Don’t be Sauron

A long time before George Orwell was even born or Tolkien imagined the Eye of Sauron, in 1791 the British philosopher Jeremy Bentham proudly laid out his blue print for the ‘panopticon’. The panopticon was a concept prison building in which the occupants were constantly observable. Bentham was careful to define the concept as one in which the inmates were observable rather than necessarily observed. The building was planned as a circular ring around a centrally positioned watchtower. By including partitions (that were like incomplete wheel spokes) from the outer ring, a set of cells along the outer perimeter could be constructed so that the central watch tower could see into each and every cell right through to the perimeter wall at the back. No cell could see its adjacent cell. Bentham envisioned that any watchmen within the central tower would be hidden from view of the prisoners, thus introducing the uncertainty within the prisoners of their being watched. Bentham conceived that living in this permanent state of observed living would pacify the prisoners as well as leveraging resources to maximize efficiency.

We are now well into the informational epoch that ignited with Intel’s first micro-chip. We began with the original IBM main-frame concept and after spending twenty years with decentralized personal computation memory and processing power, we are now returning to the original model of centralized computing. Perhaps our detour away from centralized computing will provide important lessons for the continuation of our march along our inevitable technological path. However now we are migrating data and computing power towards cloud computing. This model which has all the wires leading to a central memory and processing unit offers an awesome potential.

This week, the Executive Chairman of Google, Eric Schmidt, explained that Google+ was built primarily as an ‘identity service’. A debate has raged: One side claims that a transparent web of true identity is a good development that will bring honesty and decency. The other side claims that our privacy is a right and this outweighs the cost of its abuse. Of course Google are a private company and have the right to do as they wish.

The famous ‘Milgram Experiment’ (Yale 1961) and the (Zimbardo) ‘Stanford Prison Experiment’ (1971) do demonstrate the dangers of an imbalance of real, or at least, perceived power.  With increased information, leveraged for the good of our diet, it is important that we know if the central Eye of Schmidt’s comment ‘might blink’. After all we need to know what we are leveraging. We as a society have the right and currently the privilege of giving and restricting power, but for this to remain so we need to know the extent of any powers.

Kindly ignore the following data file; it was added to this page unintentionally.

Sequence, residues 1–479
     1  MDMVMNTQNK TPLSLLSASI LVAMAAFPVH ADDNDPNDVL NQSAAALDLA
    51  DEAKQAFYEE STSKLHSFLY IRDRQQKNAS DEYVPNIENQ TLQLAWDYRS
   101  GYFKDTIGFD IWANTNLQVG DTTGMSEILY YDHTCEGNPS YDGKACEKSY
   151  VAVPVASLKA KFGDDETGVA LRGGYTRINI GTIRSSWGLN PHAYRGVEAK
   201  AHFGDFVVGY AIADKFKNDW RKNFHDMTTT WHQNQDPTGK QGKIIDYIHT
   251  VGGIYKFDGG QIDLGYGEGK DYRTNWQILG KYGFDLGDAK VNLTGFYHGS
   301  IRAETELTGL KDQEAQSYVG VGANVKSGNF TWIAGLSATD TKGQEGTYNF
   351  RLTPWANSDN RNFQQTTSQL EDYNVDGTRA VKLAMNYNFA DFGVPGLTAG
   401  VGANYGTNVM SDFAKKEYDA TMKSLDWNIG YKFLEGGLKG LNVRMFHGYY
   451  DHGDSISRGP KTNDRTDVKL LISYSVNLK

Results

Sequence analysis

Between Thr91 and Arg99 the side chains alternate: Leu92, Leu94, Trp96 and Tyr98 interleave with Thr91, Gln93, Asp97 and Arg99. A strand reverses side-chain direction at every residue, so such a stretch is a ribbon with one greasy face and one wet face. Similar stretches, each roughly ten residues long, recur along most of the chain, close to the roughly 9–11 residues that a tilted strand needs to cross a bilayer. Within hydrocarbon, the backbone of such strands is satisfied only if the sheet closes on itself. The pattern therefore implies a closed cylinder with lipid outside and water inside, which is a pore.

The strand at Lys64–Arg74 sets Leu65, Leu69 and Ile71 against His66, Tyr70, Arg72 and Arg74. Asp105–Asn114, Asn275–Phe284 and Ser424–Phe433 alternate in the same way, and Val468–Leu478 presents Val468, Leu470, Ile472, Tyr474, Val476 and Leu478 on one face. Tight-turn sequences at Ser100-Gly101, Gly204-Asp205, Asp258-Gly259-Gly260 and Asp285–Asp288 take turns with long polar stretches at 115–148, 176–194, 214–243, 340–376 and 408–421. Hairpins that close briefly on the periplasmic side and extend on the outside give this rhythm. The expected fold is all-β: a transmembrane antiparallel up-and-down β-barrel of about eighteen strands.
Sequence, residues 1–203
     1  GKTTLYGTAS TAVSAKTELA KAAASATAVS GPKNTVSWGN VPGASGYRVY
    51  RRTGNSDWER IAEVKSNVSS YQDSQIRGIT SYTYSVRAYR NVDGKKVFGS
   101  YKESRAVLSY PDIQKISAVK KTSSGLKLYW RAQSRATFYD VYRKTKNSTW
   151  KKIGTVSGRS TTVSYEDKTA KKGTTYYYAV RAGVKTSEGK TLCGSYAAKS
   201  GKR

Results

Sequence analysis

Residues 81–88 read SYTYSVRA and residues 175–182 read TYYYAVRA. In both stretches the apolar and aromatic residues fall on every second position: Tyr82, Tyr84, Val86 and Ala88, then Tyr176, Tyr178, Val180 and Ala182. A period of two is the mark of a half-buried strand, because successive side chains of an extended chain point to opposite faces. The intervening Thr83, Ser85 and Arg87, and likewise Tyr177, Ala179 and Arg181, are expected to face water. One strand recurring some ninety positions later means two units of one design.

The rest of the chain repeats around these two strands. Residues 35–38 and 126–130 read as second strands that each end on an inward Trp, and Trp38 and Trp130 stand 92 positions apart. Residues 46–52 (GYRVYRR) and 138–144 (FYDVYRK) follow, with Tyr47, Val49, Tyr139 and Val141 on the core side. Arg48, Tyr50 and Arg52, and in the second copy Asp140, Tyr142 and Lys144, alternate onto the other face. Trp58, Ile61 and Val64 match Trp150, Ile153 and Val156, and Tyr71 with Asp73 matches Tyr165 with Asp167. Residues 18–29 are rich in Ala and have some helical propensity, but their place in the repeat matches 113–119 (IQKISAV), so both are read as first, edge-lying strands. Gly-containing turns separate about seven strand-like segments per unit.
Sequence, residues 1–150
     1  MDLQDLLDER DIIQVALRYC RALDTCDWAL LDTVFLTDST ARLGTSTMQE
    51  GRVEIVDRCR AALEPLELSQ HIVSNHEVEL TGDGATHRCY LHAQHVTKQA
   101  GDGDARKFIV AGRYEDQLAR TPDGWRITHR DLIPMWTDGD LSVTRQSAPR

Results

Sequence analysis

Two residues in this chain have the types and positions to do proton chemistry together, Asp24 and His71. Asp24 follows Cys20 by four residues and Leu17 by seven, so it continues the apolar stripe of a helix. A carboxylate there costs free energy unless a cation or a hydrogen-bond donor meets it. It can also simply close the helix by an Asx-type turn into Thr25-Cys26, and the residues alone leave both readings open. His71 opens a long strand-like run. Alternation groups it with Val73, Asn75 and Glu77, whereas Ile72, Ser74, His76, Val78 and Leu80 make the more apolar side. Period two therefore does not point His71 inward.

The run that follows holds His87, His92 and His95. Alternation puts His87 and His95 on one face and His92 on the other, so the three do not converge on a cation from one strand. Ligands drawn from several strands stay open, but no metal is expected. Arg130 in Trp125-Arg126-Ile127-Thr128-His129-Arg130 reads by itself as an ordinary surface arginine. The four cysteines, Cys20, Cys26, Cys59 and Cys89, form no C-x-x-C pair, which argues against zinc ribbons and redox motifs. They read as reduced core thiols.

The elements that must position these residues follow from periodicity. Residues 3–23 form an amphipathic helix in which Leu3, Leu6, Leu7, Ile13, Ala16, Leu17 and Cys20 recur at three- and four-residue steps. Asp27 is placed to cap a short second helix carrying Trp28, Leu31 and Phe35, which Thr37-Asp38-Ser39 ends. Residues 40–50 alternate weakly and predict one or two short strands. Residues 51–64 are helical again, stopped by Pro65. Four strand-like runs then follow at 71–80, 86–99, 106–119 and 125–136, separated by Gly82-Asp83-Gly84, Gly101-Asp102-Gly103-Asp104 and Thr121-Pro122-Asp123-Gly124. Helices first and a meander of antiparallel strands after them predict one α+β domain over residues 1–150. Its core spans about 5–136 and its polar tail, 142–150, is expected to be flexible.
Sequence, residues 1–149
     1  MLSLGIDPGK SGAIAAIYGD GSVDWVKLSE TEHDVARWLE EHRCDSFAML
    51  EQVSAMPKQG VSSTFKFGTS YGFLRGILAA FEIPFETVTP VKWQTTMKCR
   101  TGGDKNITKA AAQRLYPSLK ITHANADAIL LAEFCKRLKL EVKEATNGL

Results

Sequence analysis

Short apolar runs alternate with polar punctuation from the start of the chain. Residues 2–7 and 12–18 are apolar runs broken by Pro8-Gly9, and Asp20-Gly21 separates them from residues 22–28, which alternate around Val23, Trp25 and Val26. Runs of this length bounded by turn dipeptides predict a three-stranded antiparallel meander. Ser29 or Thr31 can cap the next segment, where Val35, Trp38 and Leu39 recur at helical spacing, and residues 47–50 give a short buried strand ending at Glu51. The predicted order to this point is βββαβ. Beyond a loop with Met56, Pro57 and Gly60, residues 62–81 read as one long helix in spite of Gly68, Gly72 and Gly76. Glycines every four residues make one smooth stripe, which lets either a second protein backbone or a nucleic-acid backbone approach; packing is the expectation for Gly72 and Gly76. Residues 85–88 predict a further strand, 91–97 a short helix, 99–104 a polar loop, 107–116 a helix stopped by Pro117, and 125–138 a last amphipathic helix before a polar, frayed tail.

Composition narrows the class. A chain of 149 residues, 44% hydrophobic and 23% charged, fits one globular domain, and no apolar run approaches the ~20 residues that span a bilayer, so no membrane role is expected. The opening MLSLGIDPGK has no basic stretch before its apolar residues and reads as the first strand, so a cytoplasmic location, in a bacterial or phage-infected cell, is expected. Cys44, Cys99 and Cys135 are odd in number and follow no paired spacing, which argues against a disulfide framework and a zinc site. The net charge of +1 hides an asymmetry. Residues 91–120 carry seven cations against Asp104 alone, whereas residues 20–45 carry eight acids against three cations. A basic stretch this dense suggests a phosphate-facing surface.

Bentham may well have argued that the mere possibility of being observed online would act to moderate our behavior. The application of observance by means of the penopticon prison did of course apply to criminals and not ordinary citizens. We should at least recognise that we may be led by stealth into an infrastructure looking very much like a cyber penopticon.


One thought on “Don’t be Sauron

  1. Most of us understand all too well, the human mind’s penchant for evil. Immediately we know that any one person or organisation with informational advantage may not be able to withstand that great temptation and that no one collects information just for the heck of it. Just knowing that, it’s enough to be a bit sceptical and to be wary of the kind of information we do let loose onto the web.

    However, Bentham’s panopticon got me thinking about the law of numbers. If I were in one of the cells, looking out at the lone slender tower in the middle and then understanding that there must be at least 100 identical cells within the compound, I would think that unless there was one observer per inmate, the probability of me being actively observed at any point in time would be pretty small.

    Ofcourse there may be general surveilance information readily available should anyone actually develop an interest in me all of a sudden. But will there actually be active surveilance unless I did something extraordinary to raise some sort of red flag?

    Scaling that notion to the population of 2 billion internet users and I suspect that loads of people may thinking along these same lines – i.e. “I’ll take my chances”. The probability that “big brother” might actively notice me – pretty minute.

    Another thing – we get sensitive when we think of the information being collected over the internet. But really, I have no doubt that there’s ample intel on my daily whereabouts through the likes of CCTV, bus cameras, speed cameras, loyalty and bank cards etc. I get off a flight and have no doubt that my private belongings have all been sniffed and scanned. It’s how society knows how to function – through general data collection and surveillance and not just for inmates. Yep, I think we may have already somehow wound up in a panopticon.

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